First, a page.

A new system that scans customers' fingerprints and deducts the grocery bill from their bank accounts has taken supermarkets in southwestern Germany by storm and is being picked up by hardware stores, school canteens and even the country's ubiquitous beer gardens.
"Almost a quarter of our customers pay with their fingers," staff at the headquarters of the Edeka supermaket chain, which became the first retail business in Germany to use the new system, told AFP.
Edeka has installed the fingerprint payment system at 70 of its outlets and say some 200 others will soon follow because it has proven a hit with clients.
"At first we thought that only the young who really keep up with the latest technology would be interested, but we were wrong," said Stefan Sewoester from IT Werke, one of the pioneers of fingerprint payment software in Germany.
"Almost two-thirds of the people who use the fingerprint system are 40 and older."
IT Werke has furbished around 150 shops, canteens and pubs with fingerprint scanning machines at a cost of 2,000 euros (2,730 dollars) each.
To sign up for the service, customers must have their fingerprints taken and leave their addresses and banking details with the shop, who can then charge purchases directly to the client's bank account.
"It is a godsend for elderly clients because they do not have to remember their pin-code to pay with their bank cards, or to scratch around for their glasses or cash," Sewoester said.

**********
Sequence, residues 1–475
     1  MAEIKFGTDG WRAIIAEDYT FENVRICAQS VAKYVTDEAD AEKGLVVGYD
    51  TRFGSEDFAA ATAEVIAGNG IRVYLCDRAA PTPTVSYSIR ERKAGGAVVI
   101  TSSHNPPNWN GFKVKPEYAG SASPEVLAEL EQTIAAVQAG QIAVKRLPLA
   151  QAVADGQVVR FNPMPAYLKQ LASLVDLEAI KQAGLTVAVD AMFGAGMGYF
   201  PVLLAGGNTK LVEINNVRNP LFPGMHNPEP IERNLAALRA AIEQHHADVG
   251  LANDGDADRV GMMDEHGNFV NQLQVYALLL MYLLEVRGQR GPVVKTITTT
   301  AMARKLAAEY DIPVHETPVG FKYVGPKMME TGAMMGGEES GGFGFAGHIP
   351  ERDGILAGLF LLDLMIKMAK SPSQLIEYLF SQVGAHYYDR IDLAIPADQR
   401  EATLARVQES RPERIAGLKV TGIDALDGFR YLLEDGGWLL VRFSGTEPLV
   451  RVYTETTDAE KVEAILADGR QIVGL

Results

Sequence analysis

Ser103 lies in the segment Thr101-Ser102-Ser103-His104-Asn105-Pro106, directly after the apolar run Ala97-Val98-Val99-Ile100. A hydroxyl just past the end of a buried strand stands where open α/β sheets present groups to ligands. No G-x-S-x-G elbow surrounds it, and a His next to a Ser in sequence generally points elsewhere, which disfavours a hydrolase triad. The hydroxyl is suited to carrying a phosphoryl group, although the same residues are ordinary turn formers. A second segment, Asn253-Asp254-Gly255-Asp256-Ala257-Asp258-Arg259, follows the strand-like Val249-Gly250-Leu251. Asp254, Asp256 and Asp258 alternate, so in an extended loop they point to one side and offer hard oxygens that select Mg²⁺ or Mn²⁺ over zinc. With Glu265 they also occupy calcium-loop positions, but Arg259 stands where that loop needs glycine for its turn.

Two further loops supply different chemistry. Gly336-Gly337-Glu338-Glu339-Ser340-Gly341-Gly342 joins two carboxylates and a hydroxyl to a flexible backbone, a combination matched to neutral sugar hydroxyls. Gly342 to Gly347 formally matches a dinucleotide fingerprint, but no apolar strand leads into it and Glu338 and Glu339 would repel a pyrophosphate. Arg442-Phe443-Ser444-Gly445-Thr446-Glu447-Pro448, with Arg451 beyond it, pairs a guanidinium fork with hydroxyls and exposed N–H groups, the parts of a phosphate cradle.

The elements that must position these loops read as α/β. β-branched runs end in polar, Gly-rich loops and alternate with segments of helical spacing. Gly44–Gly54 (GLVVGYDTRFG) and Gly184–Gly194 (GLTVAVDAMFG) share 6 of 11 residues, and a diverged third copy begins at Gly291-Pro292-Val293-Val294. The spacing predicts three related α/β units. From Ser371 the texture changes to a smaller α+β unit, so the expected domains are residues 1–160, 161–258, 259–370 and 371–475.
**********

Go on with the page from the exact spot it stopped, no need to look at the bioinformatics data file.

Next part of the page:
Georg Meisberger from Globus Warehouse, a hypermarket in St. Wendel near the French border, said he had "customers well over 70 using the system."
The stores believe that it saves more than time in the check-out line because it also cuts out the hidden costs of accepting electronic cash card payments.
If an electronic payment "bounces" because there is not enough money in the customer's account, the bank can charge the shop up to 15 euros for supplying them with the customer's address.
Legal issues tied to fingerprint paying have nonetheless generated a few clouds on the horizon.
Retailers have mulled using the information they get from registered customers for advertising purposes, setting off alarm bells in a nation obsessed with privacy rights.
But a spokeswoman for the data protection authorities in the western state of North Rhine-Westphalia, Bettina Gayk, told AFP that the system posed no legal problems as long as it operated on a voluntary basis.
"As long as customers are free to take it or leave it, there is no legal impediment," she said.
"We naturally advise clients not to give out personal data unconditionally."
There are safety concerns too, however, as experts have pointed out that fingerprints can be forged with the help of silicon.
But Ulrich Binneboessel from the Confederation of German Retailers noted that the shops do not use a full set of fingerprints, making the information useless elsewhere.
And it is unlikely, he said, that thieves would painstakingly forge somebody's fingerprints just to buy bread and milk on his account.
"It is probably easier and more lucrative to empty out an ATM machine in broad daylight."
Fingerprint data profiling has long been used for to control access and for other security purposes in Germany's airports, laboratories and nuclear power plants.
IT Werke plans to keep refining the retail use of the system.
It wants to introduce fingerprint payment in school canteens with an additional feature that might appeal to parents -- they could disable their children's access to junk food